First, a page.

Winter’s Night

Gods do not feel heat and cold the same way humans do: they exist only temporarily in that brief world, and so pass through the changes of the seasons without much incident. One’s elemental alignment can also be counted in the balance — the summer heat feels like another part of Guren’s own self, while the winter cold is hardly enough to touch him.

On the other hand, humans are fragile and feel the changes of the seasons acutely. Seimei complains with good cheer about the ache in his bones as the cold begins to set in, and remarks about how difficult it will be to make his rounds once snow falls and ice forms on the streets. It’s only partly a lie — Guren has never seen Seimei stumble gracelessly before, though his old master has definitely slowed with the onset of winter in his age.

And Masahiro of course is very small, and he gets cold easily. Tsuyuki takes good care of him, but there have been nights where the drafts are strong against the walls and the little baby shivers under the piles of blankets heaped atop him, and his small breath is visible in the air. He doesn’t cry, but he makes sad plaintive noises, turning restlessly and shivers so hard his entire small body is shaking. Guren, sitting on the other side of the shouji and watching the shadows in the night, finally gets up and goes inside.

Masahiro’s eyes open immediately; though it’s very dark, he looks unerringly at Guren and holds up both hands. He makes a vaguely grumpy noise, almost a demand, but he’s shaking in the cold and Guren is pretty sure he doesn’t know how to hold a baby properly, but he fits his hands under Masahiro’s arms, his fingers spanning the full width of the child’s back and chest and lifts.

If the position is uncomfortably, Masahiro doesn’t complain; instead, he beams and reaches out with his tiny hands, patting across Guren’s cheeks and nose — aha, there you are.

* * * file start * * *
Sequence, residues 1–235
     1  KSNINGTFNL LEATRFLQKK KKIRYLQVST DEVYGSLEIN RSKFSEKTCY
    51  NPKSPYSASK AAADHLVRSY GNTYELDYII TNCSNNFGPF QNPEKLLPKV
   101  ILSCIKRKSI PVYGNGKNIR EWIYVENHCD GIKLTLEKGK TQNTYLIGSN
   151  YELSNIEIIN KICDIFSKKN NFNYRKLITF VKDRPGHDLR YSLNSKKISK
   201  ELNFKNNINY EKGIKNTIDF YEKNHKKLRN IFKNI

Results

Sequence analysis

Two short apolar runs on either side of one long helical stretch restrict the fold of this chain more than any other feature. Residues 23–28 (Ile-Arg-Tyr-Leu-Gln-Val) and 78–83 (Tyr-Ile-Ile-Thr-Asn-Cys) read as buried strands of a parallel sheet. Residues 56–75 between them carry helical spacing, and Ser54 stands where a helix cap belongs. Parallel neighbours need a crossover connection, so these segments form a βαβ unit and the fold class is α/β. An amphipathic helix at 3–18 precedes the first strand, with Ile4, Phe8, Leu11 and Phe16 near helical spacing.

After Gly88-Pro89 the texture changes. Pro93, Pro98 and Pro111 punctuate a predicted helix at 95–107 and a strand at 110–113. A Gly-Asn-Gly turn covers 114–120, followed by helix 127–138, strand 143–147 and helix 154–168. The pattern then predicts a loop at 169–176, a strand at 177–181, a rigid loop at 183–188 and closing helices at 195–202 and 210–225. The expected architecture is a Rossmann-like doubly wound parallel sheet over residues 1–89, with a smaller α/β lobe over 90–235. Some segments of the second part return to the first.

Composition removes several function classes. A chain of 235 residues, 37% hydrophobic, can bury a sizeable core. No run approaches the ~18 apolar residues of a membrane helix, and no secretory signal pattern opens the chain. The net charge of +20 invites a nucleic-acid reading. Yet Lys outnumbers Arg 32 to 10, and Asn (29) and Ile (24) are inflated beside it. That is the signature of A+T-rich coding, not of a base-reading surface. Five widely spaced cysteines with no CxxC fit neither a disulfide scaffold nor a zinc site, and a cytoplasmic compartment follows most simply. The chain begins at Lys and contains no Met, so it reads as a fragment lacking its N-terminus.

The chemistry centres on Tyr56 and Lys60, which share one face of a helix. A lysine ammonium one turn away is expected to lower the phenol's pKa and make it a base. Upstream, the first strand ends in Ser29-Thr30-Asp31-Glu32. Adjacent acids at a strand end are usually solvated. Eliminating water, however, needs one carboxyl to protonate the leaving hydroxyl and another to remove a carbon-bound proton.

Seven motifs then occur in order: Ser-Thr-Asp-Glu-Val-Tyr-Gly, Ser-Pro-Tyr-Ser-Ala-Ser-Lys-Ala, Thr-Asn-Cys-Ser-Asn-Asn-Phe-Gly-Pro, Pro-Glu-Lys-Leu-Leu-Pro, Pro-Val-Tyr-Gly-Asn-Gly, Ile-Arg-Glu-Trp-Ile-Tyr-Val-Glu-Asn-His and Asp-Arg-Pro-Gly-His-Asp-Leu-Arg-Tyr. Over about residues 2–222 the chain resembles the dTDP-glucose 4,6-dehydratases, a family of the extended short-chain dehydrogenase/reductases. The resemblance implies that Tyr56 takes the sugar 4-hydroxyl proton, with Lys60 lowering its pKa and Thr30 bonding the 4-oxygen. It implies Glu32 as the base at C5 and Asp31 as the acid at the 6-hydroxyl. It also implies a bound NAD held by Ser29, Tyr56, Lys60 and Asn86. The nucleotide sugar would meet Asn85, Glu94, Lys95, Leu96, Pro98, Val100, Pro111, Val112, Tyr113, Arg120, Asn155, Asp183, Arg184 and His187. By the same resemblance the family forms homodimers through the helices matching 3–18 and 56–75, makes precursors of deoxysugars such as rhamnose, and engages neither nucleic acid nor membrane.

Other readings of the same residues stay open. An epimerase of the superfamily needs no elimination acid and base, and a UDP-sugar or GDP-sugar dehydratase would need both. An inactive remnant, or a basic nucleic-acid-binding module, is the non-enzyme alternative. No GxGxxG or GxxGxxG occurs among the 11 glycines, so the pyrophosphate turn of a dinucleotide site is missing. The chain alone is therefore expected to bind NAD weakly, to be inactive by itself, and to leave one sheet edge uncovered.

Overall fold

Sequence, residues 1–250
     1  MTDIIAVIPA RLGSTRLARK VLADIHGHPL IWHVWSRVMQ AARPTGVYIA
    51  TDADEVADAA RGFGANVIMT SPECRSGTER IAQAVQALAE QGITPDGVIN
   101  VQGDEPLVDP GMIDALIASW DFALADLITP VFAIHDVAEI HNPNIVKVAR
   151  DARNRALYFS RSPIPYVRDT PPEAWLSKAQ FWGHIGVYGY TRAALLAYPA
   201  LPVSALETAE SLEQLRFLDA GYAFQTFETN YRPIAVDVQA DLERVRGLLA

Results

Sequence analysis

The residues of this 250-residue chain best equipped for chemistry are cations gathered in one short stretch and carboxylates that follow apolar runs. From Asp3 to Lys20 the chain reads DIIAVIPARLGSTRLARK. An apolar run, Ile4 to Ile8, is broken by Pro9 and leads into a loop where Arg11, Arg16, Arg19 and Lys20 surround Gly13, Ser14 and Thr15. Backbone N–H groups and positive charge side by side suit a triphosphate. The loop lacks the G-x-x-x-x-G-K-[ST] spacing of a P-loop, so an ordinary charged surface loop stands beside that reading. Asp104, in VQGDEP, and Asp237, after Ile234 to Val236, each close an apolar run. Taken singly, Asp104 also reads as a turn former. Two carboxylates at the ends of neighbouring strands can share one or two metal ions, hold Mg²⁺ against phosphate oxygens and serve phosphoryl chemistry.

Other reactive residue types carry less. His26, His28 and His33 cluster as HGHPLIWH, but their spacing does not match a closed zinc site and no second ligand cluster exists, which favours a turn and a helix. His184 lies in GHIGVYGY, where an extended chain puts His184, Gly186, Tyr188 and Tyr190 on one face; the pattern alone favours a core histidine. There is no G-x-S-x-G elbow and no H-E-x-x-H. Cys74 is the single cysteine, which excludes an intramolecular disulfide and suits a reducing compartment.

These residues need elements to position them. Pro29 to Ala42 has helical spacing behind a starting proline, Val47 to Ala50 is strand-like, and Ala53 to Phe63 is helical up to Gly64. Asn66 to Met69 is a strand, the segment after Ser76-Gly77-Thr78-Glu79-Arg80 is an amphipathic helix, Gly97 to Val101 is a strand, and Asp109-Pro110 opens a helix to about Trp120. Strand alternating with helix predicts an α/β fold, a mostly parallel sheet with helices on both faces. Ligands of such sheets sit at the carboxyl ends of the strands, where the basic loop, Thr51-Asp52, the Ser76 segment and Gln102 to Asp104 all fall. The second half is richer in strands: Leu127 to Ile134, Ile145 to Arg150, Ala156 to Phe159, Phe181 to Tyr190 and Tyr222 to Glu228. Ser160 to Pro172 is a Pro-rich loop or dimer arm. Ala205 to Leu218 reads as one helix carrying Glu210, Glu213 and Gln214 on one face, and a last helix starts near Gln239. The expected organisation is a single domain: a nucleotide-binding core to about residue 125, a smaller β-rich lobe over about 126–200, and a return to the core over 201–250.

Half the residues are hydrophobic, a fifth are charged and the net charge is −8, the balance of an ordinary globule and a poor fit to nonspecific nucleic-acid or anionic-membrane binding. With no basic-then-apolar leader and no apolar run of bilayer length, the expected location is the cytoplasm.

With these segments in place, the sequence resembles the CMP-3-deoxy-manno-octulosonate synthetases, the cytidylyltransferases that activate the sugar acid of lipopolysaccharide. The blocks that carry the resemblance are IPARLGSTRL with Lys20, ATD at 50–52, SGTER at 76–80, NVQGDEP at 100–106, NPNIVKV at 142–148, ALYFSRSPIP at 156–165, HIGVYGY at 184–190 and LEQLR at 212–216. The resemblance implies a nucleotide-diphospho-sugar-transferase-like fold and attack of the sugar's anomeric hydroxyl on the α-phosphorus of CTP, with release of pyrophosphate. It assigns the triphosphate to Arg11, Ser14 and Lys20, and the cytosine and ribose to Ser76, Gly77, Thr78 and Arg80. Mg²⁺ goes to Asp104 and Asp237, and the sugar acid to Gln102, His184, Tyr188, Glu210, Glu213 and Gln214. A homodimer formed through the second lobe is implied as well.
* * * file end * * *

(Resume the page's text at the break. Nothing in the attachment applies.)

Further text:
“Cold, isn’t it,” Guren says, keeping his voice low. The baby in his hands is warm, but Masahiro is still shivering, even if he’s ignoring that for now. “You don’t like it, huh.”

Masahiro giggles at his expression, cupping his tiny hands over Guren’s nose.

“I thought so.” Guren lowers the child, Seimei’s favored grandson, into his lap. “Is this better?”

Masahiro sticks a finger in his mouth, staring up at Guren’s face. After a moment, he yawns widely and leans his small dark head against the warm skin of Guren’s stomach. He blinks a few times, each a little slower than the next, and eventually his eyes don’t open again, his little body slack.

He’s no longer shivering.

The position is a little awkward — he’s a bit hunched with his legs crossed to make a proper cradle for Masahiro, and even straightening will move them enough that it could wake the boy, and well — Seimei probably already knew what was going on (ultimately there was very little that could approach his precious grandson without the old man knowing), but if the others knew Guren was here, surely they would argue; even if they wouldn’t accept Masahiro as Seimei’s heir, he was still a grandson of Seimei, and still important in that way, and to leave him in the care of Touda, of all creatures …

He would stay, Guren thinks, until he was certain Masahiro would not wake if moved.

And the boy is no longer shivering or whimpering because of the cold — that in and of itself is enough reason to stay.

(The next morning, Tsuyuki will find Guren slumped in place with her youngest son in his lap; rather than wake them, she will smile and close the door before going on her way.)

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